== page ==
I don't often do big boards for Trader Joe's but this time I did, adding pseudo-Celtic ornament to an ad for Guinness and Murphy. The ad copy was provided by a co-worker who is at least partially Irish and married to someone of Irish background.

Trader Joe's endcap board, about 36" x 24", March 6, 2011.

Sunday, March 6, 2011

Iris Mystique

Not much fantasy to this set of irises, but plenty of pretty. The cultivar of this iris was named "Mystique," with dark purple lower petals and lavender upper petals. Tristan can have another choice for a T-shirt! This was a commission from a lady who sells lovely jewelry at conventions, often in the colors chosen here.

"Iris Mystique" is watercolor on illustration board, 7" x 10", November 1990.

Saturday, March 5, 2011

Gaming Goddess

I used to do commissions for gamers, illustrating their gaming characters. This gal is a Goddess, or more likely a demi-goddess, from someone's role playing game. My client gave me elaborate instructions for both the character and her background, and I remember working hard to stuff all the details into a rather small picture. She's holding some type of Sphere of Power, and is standing in front of a glowing yellow altar, on a mystic screen disc. A dragon made of smoke curls around her above the altar, and an emerald dart or arrow rests in a holder placed on the altar. A ruby-encrusted crown is at her left, also on the altar, resting on a black velvet cushion.

Her name was "Ivutar Blackheart," and I don't remember whether she was evil or good, or even whether she had an action role. Anyone else would have made her with a low-cut dress and a lot of buxom cleavage, as well as a slit skirt revealing lots of leg. But I didn't, I made a modest Goddess which I vaguely remember was what my client wanted. I was never satisfied with the way this picture came out, and it's not well documented in my files nor was it well photographed. I still love doing character portraits. I wonder what ever happened to my gaming client, or Ivutar. Probably she is long forgotten, except for her unexpected revival here in this By-Product...but no! I found her on the home page of my old client, and here she is - (click on the little image of the painting under the word "Warp")...with my mundane name totally misspelled.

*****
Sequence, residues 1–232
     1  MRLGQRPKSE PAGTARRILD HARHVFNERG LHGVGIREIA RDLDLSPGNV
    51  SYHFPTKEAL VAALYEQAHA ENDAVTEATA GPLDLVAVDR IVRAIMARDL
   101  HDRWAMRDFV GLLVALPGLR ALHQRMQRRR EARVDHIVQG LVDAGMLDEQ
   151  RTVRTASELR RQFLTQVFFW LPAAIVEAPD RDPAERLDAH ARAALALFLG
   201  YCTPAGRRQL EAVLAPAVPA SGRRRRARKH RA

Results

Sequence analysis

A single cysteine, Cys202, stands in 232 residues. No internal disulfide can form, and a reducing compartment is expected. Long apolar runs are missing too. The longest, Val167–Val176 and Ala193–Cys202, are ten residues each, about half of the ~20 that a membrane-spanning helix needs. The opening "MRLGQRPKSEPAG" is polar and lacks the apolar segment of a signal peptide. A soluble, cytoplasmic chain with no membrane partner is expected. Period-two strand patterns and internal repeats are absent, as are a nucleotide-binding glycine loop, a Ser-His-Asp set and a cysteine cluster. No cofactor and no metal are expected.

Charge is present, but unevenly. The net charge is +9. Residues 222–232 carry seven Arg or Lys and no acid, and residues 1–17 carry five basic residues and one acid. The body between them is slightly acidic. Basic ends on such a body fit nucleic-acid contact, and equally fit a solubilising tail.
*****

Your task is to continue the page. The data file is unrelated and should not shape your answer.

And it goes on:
"Ivutar Blackheart" is acrylic on illustration board, about 8 1/2" x 11", 1985.

Friday, March 4, 2011

Celtic Mardi Gras Cheeseburgers

Pseudo-Celtic designs meet Mardi Gras in my latest sign for "Bagels, Deli, and Donuts." Mena has added cheeseburgers to the menu, at least for now. It's unusual for Mardi Gras and St. Patrick's Day to be so close together in March, but it happens this year. More commercialized holidays to roll in the inexorable turning of the year.

Thursday, March 3, 2011

Aeonian Gate

This picture dates from 2001, when I was just beginning to put together geometric space abstractions in acrylic on a larger scale. The design comes from what is known as the "vesica piscis," or "fish bladder" shape, which is derived from the intersection of two circles. I had not worked out the acrylic technique that I used for my later abstractions and this one was done partly in airbrush and partly by hand. It represents a gateway through space, into another universe perhaps. I never got a good photograph of it, so some of the details and colors (in the light colored center, especially) are washed out. The whole composition is inspired by my journey into mathematics and physics, which was quite new when I painted it. The lines coming out of the center represent particle trails, and the curved lines are derived from conic sections as well as the legendary circles.

"Aeonian Gate" is acrylic on Masonite, 24" x 16", August 2001.

Wednesday, March 2, 2011